(From the Nuclear Resister #157, June 1, 2010)
How Can I Cope?
Many people who write me – friends and supporters – ask about harsh treatment and brutality. I do not deny that in many prisons and jails these conditions do exist. One can even raise the charge of torture. In regards to myself I have not experienced such conditions. Hardships, yes, but not brutality or violence.
The hardships begin with the loss of freedom. I remember during my first incarceration, after having made pastoral visits in jail to prisoners, it was a shock as I realized the cell doors were closed and locked on me.
Jails are usually cold – or too hot – mats are hard, and not always present (as in the District of Columbia Central Cellblock), food is sometimes scarce and tasteless, clothes are inadequate (no coats or even underwear), they don’t fit, are not clean. Medical care may be hard to access, and not adequate, especially with serious needs. TVs are loud and almost always on. The noise can be horrific, even through the night. Then there is the isolation from family and friends. Phone calls are difficult and expensive. Visiting is restricted, mostly through glass, and more and more over in-house video systems.
People ask, “How do you cope?”
Especially since most of my time in recent years has been for protesting torture, experienced by those subject to School of the Americas graduates, Guantanamo Bay, Abu Ghraib, and Bagram, the U.S.-run prison in Afghanistan that is replacing Gitmo for its brutality. If this dulls the imagination there are the continuing renditions to countries that practice even more blatant torture. This goes on throughout the world.
If I start to feel sorry for myself I think of the suffering experienced in these and other horrific situations from slavery to executions. How can I really complain? Yes, it may well be called for to file complaints or act to have rules, regulations, and practices changed as has happened at Guantanamo Bay and by prison reform groups which expose such practices. Personally I question the whole prison system. As labor leader Eugene Debs said, “So long as there is a soul in prison, I am not free.” But when I think about these situations (often at night in bed), I am able to cope with my own deprivations.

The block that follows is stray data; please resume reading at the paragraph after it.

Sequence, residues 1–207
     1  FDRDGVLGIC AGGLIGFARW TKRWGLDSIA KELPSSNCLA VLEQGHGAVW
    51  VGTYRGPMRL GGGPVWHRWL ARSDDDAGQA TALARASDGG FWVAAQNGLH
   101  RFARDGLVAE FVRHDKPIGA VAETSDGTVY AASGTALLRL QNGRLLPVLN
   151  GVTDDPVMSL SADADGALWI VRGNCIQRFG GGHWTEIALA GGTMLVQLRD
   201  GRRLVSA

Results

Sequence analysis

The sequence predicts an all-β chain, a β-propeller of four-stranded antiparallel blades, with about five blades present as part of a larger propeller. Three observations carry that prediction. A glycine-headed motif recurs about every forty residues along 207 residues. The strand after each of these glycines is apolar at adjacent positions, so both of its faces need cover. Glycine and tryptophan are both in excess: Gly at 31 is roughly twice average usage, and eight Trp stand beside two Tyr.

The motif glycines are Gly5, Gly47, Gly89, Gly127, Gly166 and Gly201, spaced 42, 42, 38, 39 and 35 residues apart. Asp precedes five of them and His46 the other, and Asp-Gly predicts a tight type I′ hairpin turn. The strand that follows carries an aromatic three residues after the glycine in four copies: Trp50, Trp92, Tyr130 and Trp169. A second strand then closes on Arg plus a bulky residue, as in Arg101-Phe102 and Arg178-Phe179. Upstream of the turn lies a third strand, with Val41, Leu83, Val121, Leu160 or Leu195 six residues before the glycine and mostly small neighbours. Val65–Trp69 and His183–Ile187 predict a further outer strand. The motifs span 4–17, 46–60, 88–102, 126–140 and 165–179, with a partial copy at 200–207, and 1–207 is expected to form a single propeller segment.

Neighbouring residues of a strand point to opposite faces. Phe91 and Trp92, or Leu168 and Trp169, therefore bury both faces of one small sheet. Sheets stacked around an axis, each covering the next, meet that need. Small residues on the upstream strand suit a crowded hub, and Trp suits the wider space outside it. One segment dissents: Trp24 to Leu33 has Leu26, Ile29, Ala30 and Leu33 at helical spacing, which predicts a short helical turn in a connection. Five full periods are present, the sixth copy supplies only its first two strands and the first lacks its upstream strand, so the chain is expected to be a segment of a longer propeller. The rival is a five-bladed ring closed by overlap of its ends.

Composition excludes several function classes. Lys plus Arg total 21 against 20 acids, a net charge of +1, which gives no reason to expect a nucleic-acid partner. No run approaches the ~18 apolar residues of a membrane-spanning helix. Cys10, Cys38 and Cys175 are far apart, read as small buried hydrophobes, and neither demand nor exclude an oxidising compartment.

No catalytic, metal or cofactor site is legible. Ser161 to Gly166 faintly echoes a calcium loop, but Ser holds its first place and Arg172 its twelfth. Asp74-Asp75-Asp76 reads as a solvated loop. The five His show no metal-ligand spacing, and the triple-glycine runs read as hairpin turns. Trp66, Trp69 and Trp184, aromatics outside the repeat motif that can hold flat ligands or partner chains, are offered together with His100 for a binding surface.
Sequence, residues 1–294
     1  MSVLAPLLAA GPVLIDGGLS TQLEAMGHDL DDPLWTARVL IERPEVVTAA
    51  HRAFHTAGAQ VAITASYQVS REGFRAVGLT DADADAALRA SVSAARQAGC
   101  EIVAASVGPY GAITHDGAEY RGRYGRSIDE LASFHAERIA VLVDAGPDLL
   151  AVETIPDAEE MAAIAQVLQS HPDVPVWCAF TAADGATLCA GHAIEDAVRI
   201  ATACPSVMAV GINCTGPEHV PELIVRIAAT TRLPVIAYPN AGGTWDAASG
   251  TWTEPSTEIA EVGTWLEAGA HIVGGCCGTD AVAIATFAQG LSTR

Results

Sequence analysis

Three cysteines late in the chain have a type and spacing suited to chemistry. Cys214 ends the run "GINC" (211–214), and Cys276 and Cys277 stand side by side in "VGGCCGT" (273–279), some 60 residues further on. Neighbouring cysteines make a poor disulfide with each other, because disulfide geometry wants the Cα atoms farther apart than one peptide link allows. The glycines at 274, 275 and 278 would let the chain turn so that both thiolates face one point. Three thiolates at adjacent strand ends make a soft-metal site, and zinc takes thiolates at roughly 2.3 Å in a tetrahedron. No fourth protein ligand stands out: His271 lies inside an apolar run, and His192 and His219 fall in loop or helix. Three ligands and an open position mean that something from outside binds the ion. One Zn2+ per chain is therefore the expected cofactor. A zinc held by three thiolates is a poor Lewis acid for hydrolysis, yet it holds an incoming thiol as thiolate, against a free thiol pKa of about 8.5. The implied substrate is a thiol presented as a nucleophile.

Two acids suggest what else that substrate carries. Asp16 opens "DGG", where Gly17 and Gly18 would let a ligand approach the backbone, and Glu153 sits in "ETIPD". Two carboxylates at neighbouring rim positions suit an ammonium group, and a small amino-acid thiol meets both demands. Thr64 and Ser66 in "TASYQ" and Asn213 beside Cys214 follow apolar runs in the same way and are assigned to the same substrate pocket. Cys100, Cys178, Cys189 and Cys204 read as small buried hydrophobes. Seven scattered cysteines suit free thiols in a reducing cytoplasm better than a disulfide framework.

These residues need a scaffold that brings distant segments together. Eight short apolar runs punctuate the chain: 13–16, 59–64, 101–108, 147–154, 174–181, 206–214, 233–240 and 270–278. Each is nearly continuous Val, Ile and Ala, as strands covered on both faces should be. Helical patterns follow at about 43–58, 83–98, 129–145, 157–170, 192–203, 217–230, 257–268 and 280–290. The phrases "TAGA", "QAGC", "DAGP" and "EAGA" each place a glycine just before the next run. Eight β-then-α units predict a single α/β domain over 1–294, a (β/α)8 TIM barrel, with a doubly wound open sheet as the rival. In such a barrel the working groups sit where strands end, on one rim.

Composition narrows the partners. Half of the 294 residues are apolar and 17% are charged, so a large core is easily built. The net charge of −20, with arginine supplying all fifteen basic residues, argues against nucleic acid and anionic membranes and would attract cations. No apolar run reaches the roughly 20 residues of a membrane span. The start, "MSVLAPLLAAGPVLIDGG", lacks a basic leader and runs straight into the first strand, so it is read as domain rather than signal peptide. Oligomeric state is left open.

Even more significant for me is to use these experiences and reflections to create empathy with all of those who suffer these horrific experiences. We are all part of this created world. Each person is sister and brother to me. Their suffering is my sorrow as well.
The gift of compassion emerges as I contemplate such misery of the human body. My situation is a gateway into the compassionate energy that fills all creation and opens me to transforming experiences that I hope to share with the world community.
For this I am grateful and value this precious time.
[Franciscan Friar Louis Vitale is serving a six month sentence for trespass at Fort Benning, Georgia, home of the Western Hemisphere Institute for Security and Cooperation, formerly and notoriously known as the School of the Americas. The essay, reprinted from the website of Pace e Bene, was written from the U.S. Penitentiary in Atlanta, before Vitale was moved to the federal prison at Lompoc, California, where he will complete his sentence in late July.]